By Sarah Bennett
By Adam Lovinus
By Jena Ardell
By Nate Jackson
By Gustavo Arellano
By Nick Keppler
By Nate Jackson
By Alex Distefano
Photo by James Bunoan FRANK BLACK
FINGERPRINTS RECORDS, LONG BEACH
SUNDAY, AUG. 25
Pity the fallen alt.-rock gods of yesteryear! You know, the ones who peaked pre-Nevermind (howdy, Paul Westerberg! What's up, Perry Farrell? Love ya, Bob Mould!) and are now reduced to churning out one rightly ignored hunk of aural swill after another, the sad victims of not merely age but also bad timing and their own sense of self-importance. Really, have you heard—or at least tried to hear—Mould's latest slice of unlistenable electro-caca? If he's out to destroy people's ideas that he was ever once great—and Hüsker Dü and Sugar were—then he's doing a bang-up job.
Then there's Charles Thompson/Black Francis/Frank Black, once of the long-since-imploded Pixies, whose solo stuff has held up far better than the work of his contemporaries (though, of course, nothing he has churned out as a solo act has approached the Pixies' genius). And by "contemporaries," we also refer to Black's ex-bandmate Kim Deal, who looked like she was gonna be huge with her post-Pixies band, the Breeders. But then she went away for eight years, and her Breeders follow-up disc stiffed immensely, and, well, that's pretty much it for her.
Sweet justice, then, for Black, who wrote almost all the Pixies tunes anyway. Shouldn't he have been the one to go platinum? Hell, yes: the whole alt.-rock mania a decade ago would never have happened if Cobain hadn't gone and ripped him off so blatantly for "Teen Spirit." Black oughta be pissed, really. But, no, he apparently prefers to quietly release a new album every year or two, losing himself in future promises instead of past thefts and unashamedly doing whatever it takes to work new "product" out to whatever remains of the Cult of Frank.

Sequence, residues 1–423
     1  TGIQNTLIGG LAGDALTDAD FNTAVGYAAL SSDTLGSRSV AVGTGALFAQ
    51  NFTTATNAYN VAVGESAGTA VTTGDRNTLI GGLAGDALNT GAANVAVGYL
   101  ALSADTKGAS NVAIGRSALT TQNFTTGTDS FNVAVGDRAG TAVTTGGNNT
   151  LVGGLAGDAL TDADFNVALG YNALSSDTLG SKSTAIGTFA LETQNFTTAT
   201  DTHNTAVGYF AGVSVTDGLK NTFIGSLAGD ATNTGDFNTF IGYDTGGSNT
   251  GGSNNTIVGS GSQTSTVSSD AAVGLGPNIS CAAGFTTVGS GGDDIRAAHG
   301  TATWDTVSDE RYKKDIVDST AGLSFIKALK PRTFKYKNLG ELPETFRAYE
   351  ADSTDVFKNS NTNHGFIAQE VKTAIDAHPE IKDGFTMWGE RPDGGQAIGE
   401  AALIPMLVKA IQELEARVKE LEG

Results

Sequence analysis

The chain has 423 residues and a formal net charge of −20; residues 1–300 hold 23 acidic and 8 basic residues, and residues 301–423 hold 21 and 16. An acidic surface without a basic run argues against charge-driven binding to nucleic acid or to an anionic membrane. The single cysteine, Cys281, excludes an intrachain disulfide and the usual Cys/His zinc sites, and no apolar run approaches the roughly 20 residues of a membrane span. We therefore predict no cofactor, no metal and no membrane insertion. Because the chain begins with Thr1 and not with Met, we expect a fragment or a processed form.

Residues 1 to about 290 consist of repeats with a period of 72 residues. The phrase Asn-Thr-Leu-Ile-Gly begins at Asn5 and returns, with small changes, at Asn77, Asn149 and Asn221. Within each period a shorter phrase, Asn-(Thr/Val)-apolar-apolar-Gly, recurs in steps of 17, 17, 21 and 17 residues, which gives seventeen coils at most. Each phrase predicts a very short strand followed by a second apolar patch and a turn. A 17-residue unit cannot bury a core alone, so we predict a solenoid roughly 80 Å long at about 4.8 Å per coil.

So there he was at Fingerprints, partaking in that ultimate sister-kisser for any name musician: the In-Store Appearance, where so often the only people who truly appreciate you being there are the geeks working behind the counter. But the turnout was fairly hefty, if less than respectful from our vantage point in back. We witnessed some girl at a listening station rudely testing out a copy of a Train CD just as Black began his set—blaring it at full volume through her headphones, too, so anyone in close proximity could hear what bad taste she had (this also begs the question, "If a cool indie record shop like Fingerprints stocks such barfola as Train CDs, is it still cool or indie anymore?"). Fortunately, one of the workers made her stop before she could be more fully annoying, though that didn't stop some clueless cretins from taking cell phone calls or playing imaginary drums with their ballpoint pens.
This was quiet, acoustic, non-growly Frank Black: just the ever-cherubic, eternally bald one paired with accompanist Dave Philips of Black's latest band, the Catholics, who helped out on guitar and pedal steel. And the hour they played was mostly sweet: a decent-sized mixture of old Pixies tunes such as "Mr. Grieves," "Crackity Jones" (a nice surprise, though it quickly grew grating when Black started into a series of piercing woo-woo shrieks) and an excellent, country-fried, pedal-steel-soaked "Wave of Mutilation" with the inevitable Songs Off the New Record.
Or in this case, two new records, Devil's Workshop and Black Letter Days, both of which came out a week earlier—shades of Guns 'N Roses! (Black Letter Days, it's worth noting for you consumers, is twice as long as Devil's Workshop.) Both are filled with Black's trademarked verb cacophony, though he seems to have cut back on the tired oceanic and outer-space imagery he was once so fond of, subbing those with obtuse California place-name references and ravings about homeless people named Bartholomew.
The set seemed to be half-music, half-monologue—this being Blabbermouth Black, he'd often drone on between tunes about how his cat was eaten by a dog and how he has just gotten into SpongeBob SquarePants and how the Vandals' Josh Freese was in the crowd watching (with a baby in tow—how punk!). But when he'd do something as sublime as cover Tom Waits' "The Black Rider" to finish things off, you forgave him. It was just a reminder to keep buying his albums and keep paying attention to the guy because even though he may not be as great as he used to be, at least he can still be consistent. Mostly, anyway.